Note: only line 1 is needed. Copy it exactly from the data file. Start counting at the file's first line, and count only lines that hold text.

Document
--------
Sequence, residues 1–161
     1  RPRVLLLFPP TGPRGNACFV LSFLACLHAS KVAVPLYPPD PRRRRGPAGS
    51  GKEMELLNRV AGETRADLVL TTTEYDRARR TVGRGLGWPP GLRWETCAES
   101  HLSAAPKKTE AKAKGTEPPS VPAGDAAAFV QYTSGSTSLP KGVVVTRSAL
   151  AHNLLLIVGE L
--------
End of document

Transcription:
Sequence, residues 1–161